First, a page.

We all need a little bit more SEGABABA in our lives

Lucas said...
Hey Bawful, please update your post. Last night's closely contested game between the Thunder and Blazers provided some hilarity, thanks to mega bawful announcing butchering the end of the game: http://www.youtube.com/watch?v=xG0H4GYF2qM

Anonymous said...
It may not be a pair of 4in5s, but I have the utmost joy in attending tonights 76ers hosting the Cleveland Sadoliers. I'm hoping the total score is below 150.

So with the way the Cavs are likely to play this year, they might have to rename their arena the QQ.

AnacondaHL said...
Adam - If I were home now, I'd absolutely photoshop the arena name, with obligatory Comic Sans font.

Great stuff, AnacondaHL.

Silvio said...
Schedule took a big dip in quality few seasons ago, I think starting with season 2008-09. From few years ago teams started complaining about too many b2b games, about home-and-home b2b (tickets not selling well) which were non-existent before, Jazz complained they suddenly play Sunday home games which was not case before ...

Surely, it is not realistic to except good schedule when 82 games must be squeezed into some 164 game days, in the meantime trying to avoid collision with NFL as much as possible ... but things went from bad to worse few years ago.

It would be great if someone could run same analysis for last 10 seasons - I'm positive that analysis would show there is point in time when acceptable bad schedule became bawful schedule. It certainly looks like NBA had some drastic change of personnel in scheduling department summer 2008 (or sometimes near) - shit often happens when young, ignorant-yet-overconfident dudes take over things.

Anonymous said...
It's been the same one guy who's been making the schedule for 25 years.

http://espn.go.com/blog/truehoop/post/_/id/19219/how-to-build-the-nba-schedule

AnacondaHL said...
Silvio - Okay, so because I'm kinda crazy, I modded the macro and did the schedule analysis on the past 10 years. Mostly because I wanted to see if people (not just you) throwing around blanket statements like "dip in quality few seasons ago, I think starting with season 2008-09" were onto something or not. Note that the new analysis took away the ORL/NYK game.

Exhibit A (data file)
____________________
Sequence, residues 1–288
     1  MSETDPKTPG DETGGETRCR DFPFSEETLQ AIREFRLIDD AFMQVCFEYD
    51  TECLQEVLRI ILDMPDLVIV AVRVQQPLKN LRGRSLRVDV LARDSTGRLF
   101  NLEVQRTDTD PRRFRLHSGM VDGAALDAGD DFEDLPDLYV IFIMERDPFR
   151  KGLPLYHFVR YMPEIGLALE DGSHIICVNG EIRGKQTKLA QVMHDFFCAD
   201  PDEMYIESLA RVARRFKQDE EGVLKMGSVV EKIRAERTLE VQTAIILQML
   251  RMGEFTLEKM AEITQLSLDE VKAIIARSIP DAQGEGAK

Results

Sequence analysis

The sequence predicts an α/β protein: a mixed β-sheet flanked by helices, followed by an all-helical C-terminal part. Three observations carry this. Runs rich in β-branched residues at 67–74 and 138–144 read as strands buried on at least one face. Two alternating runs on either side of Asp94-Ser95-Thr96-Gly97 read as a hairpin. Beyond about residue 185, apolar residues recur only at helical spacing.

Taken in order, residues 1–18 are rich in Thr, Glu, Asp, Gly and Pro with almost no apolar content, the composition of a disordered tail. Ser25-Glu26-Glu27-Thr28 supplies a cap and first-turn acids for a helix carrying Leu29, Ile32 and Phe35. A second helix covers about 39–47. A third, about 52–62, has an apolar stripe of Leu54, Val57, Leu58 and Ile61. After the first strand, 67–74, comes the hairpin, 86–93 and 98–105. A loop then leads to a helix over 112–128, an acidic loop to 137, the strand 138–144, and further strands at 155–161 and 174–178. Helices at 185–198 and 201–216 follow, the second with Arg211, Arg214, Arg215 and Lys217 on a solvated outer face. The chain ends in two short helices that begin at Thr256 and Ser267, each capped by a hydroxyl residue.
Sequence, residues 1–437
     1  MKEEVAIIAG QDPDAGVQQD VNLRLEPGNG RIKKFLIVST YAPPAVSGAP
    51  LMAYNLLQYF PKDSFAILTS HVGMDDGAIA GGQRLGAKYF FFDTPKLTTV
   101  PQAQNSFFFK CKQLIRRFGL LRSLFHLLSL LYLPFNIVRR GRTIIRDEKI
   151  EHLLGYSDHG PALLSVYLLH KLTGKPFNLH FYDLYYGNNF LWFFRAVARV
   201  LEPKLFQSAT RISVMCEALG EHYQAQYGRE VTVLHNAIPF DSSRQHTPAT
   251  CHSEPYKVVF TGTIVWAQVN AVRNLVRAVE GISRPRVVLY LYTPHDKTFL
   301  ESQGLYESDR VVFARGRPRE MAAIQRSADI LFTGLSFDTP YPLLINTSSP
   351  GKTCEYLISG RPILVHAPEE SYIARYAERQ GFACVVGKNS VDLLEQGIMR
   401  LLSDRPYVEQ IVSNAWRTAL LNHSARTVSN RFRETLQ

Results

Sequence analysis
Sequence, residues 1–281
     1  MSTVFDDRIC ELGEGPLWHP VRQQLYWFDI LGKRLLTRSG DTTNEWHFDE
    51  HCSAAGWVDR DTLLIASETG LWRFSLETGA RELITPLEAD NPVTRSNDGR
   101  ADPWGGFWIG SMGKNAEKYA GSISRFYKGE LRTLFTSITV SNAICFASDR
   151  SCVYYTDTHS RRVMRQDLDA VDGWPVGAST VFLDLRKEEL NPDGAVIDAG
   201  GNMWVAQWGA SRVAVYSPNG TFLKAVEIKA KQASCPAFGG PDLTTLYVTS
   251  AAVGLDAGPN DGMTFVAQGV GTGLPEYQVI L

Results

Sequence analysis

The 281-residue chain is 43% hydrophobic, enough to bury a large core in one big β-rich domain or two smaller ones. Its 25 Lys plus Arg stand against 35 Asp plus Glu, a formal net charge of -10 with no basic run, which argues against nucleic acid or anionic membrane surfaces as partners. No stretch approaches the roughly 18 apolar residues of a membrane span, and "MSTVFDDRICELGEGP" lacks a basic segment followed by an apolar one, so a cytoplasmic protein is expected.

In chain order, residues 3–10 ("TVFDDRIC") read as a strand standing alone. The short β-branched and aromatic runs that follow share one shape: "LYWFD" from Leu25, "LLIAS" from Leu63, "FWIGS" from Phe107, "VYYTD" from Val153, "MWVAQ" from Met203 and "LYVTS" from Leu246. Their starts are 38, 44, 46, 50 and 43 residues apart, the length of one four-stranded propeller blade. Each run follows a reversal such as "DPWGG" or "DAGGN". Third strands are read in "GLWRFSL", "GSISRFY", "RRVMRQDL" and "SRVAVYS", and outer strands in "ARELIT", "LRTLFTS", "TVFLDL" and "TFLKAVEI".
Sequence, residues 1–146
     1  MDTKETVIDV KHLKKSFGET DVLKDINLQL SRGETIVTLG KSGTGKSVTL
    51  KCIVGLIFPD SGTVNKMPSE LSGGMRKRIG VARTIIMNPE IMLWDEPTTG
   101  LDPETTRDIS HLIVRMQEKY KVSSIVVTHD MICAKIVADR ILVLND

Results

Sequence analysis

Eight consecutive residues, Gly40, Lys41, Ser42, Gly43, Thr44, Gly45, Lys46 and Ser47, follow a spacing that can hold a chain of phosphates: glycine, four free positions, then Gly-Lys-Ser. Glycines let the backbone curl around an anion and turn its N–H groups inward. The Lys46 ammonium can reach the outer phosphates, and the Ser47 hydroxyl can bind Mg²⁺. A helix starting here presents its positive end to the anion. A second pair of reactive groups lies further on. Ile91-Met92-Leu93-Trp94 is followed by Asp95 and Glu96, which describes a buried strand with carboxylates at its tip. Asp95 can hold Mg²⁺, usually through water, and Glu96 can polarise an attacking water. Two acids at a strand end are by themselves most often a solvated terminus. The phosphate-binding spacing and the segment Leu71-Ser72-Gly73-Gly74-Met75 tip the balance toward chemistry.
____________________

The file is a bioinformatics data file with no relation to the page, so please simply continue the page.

Long Answer: Since 2000-01, each season contains about 570-600 B2Bs, with teams averaging near 19-20 each. The number of 4in5s has actually improved, from averaging around 100 at the beginning of the decade to the 67 this year (down from 78 last year, down from 89 in 2006-07, etc.)

What has not improved, however, is the same thing I put in the post. The number of times a team plays against an opponent on their SEGABABA while rested themselves remains quite unbalanced, and has been for a while. There's almost always some teams that get 19-20 tired opponents (often it's the Suns like this year), and almost always teams that get only 6-8 (often it's the Lakers like this year)!

And guess which team is ironically almost always near the league average? Mark Cuban's Dallas Mavericks.

Silvio said...
Thanks a lot AnacondaHL and anonymous.

So, my perception was completely wrong. Another perception I have (and might as well be wrong) is teams like Suns, Jazz and Nuggets often playing tired East conference opponents that are on the tail end of West trip. Stopping there on their way home. And same thing with Bulls and especially Bucks when West teams travel home from East Coast.

AK Dave said...
Nicely done, dude.

That spreadsheet is pretty fun to look at, and educational too. For example, I find it interesting and surprising that Chicago, despite having more b2b's than any other team, also has the advantage of playing AGAINST more teams on THEIR second night of a b2b.

Chicago also has more opp 4in5 than they themselves have. At first glance, we see that they play more 4in5's than most other teams, and that seems unfair, until you see the big picture and notice that they are -1 in 4in5margin.

So in reality, the moaning and groaning about all the b2b's Chicago will face is BS because their opponents will often be just as, if not more, tired than they are.

You deserve a delicious bass for your work here, AHL.

AnacondaHL said...
Silvio - On a league basis it evens out, but for specific teams some do get the benefit. Your feeling of the Mountain/Central teams getting more opponents on their B2B, at a glance, seems to be right though. Lakers and Knicks perennially get much fewer tired opponents, and the Suns get more.

AK Dave - Well I do like me some bass.

As a follow-up, I'm deciding what do do about my decade analysis spreadsheet, and how to present the info if at all. Maybe one of those Google motion charts would be the best if I can figure it out. I guess in the end I could just try to e-mail that dude who makes the NBA schedule, maybe suggest some sort of A* or genetic algorithm for his computer program.

Anonymous said...
This comment has been removed by a blog administrator.

AK Dave said...
Get rid of anonymous at 10:13's comment. Stupid comment spammers.

Dan B. said...
AK Dave -- Done and done.

Anonymous said...
Damn that was some hard core nerdalacious stat packin excel crunchin basketbawful radness.